During a recent meeting with prospect’s CFO this exact question has come up: How much energy will energy audit save our bakery?
A fair question coming from CFO: his job is to ensure that all investments generate value for the company. A direct question deserves a direct answer:
Energy Audit will save you nothing. Zero. Nada.
… Unless you act on its findings.
The whole purpose of energy audit is to find what can company gain through managing its energy procurement and use. Direct energy cost savings are routinely just a portion of business value a company gains.
Conversation with this particular prospect has uncovered that they have not chosen to use an interval based electricity tariffs because it required installation of an interval meter, which “was expensive.” In absence of interval meter they were charged based on an average load profile for the this area. This bakery operates 3 shifts with mostly office area, which means that night consumption was charged at roughly day rates. Very roughly, switch to interval-based tariff would reduce their monthly hydro bill by 7%, while audit fee was about 2% and cost of meter is negligible at all. A good audit would have uncovered this opportunity at once.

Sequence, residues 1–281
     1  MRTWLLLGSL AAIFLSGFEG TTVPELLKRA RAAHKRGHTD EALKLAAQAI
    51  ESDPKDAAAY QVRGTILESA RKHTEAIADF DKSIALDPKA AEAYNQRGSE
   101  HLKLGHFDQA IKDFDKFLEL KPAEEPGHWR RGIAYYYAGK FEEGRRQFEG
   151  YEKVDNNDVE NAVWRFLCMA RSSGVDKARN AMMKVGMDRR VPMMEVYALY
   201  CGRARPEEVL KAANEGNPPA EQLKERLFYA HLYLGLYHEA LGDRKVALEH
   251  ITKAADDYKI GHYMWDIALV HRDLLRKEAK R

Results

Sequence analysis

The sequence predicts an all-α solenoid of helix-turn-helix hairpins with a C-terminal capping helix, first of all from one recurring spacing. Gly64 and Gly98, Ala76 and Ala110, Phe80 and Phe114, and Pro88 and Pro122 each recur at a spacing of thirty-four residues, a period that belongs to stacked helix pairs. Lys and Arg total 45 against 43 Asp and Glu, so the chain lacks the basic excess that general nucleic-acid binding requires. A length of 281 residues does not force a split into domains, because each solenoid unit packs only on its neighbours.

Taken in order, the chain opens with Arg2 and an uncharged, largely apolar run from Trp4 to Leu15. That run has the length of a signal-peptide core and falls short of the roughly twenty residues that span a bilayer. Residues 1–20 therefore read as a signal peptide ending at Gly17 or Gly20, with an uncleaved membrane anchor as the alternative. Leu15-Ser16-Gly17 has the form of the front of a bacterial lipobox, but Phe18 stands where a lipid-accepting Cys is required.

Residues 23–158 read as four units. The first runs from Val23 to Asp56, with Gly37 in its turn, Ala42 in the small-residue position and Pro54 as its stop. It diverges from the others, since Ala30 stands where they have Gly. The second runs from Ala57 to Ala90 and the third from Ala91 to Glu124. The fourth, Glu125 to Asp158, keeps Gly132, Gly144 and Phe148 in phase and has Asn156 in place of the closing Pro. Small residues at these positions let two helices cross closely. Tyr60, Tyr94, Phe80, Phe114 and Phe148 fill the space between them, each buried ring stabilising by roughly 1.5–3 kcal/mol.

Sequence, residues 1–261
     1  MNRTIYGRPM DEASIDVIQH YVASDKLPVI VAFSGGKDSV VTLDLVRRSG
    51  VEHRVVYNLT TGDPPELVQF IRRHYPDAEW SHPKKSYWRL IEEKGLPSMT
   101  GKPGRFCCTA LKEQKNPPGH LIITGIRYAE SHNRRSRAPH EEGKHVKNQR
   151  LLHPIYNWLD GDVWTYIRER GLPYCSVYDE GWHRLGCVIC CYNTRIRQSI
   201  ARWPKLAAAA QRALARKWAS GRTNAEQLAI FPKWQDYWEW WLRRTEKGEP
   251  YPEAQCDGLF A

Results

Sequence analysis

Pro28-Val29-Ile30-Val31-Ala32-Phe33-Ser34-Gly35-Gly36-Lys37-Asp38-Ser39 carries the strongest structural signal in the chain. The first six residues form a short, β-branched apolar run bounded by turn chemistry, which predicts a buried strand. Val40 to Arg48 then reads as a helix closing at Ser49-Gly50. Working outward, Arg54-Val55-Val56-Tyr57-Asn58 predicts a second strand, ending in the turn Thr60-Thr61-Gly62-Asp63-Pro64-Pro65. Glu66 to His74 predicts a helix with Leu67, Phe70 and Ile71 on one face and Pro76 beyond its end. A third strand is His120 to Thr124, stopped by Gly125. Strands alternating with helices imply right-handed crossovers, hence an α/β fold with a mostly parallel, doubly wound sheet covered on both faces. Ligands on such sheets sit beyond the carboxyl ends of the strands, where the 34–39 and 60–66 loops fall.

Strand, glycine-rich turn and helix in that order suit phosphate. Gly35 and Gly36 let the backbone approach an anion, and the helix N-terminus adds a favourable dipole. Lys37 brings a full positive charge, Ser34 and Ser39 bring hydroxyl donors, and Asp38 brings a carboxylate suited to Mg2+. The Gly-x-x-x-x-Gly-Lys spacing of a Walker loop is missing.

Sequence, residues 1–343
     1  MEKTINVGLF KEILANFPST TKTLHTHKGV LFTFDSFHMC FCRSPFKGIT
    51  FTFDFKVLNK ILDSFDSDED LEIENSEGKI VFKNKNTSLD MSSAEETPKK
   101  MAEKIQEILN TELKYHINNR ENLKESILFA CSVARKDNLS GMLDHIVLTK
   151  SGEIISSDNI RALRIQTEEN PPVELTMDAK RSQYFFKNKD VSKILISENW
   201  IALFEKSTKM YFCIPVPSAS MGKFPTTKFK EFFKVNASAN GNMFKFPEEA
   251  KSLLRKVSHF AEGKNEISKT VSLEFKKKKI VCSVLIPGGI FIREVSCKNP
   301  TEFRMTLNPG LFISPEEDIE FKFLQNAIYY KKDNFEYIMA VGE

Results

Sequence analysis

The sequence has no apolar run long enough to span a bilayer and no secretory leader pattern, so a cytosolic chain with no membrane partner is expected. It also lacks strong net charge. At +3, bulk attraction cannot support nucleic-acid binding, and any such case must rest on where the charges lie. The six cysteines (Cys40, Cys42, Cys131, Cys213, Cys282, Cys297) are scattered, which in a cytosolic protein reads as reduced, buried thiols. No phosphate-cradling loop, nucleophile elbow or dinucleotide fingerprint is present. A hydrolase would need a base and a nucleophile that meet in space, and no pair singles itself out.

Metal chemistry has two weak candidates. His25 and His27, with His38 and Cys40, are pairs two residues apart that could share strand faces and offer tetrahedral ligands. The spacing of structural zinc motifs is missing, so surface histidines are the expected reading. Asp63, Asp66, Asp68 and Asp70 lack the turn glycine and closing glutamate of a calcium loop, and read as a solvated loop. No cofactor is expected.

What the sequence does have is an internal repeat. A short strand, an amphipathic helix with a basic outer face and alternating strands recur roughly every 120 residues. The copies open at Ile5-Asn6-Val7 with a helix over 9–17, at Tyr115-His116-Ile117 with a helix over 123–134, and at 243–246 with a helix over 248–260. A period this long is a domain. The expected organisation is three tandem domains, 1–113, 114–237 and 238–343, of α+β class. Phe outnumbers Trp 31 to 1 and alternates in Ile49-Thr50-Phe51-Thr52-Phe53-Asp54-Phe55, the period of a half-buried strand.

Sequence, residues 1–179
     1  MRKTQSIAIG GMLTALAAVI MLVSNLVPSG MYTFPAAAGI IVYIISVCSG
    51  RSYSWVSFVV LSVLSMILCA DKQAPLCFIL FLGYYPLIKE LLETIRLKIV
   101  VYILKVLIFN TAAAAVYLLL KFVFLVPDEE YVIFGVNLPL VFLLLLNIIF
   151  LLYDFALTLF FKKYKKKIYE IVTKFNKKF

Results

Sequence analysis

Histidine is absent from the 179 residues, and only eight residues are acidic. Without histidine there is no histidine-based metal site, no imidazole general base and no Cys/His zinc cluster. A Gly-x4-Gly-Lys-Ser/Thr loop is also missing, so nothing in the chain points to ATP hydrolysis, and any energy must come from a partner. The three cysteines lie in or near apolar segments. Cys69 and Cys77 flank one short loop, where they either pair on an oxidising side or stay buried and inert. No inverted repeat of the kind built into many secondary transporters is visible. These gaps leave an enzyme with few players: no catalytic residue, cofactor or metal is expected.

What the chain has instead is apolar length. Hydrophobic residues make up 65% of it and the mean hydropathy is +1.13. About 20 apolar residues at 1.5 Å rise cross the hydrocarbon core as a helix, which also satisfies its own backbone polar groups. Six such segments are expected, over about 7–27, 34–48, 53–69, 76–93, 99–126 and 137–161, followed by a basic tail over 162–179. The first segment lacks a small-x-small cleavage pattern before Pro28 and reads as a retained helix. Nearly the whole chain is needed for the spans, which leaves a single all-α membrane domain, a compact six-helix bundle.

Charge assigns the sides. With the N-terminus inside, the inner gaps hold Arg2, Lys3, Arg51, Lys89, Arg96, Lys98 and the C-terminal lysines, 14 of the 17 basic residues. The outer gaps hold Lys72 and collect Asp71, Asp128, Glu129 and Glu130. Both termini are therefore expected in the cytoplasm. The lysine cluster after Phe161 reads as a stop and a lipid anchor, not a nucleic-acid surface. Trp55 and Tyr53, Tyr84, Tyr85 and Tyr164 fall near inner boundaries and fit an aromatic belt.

When prospect states that “audit is too expensive” or “metering is too expensive”, I am always curious: “Expensive compared to what?”
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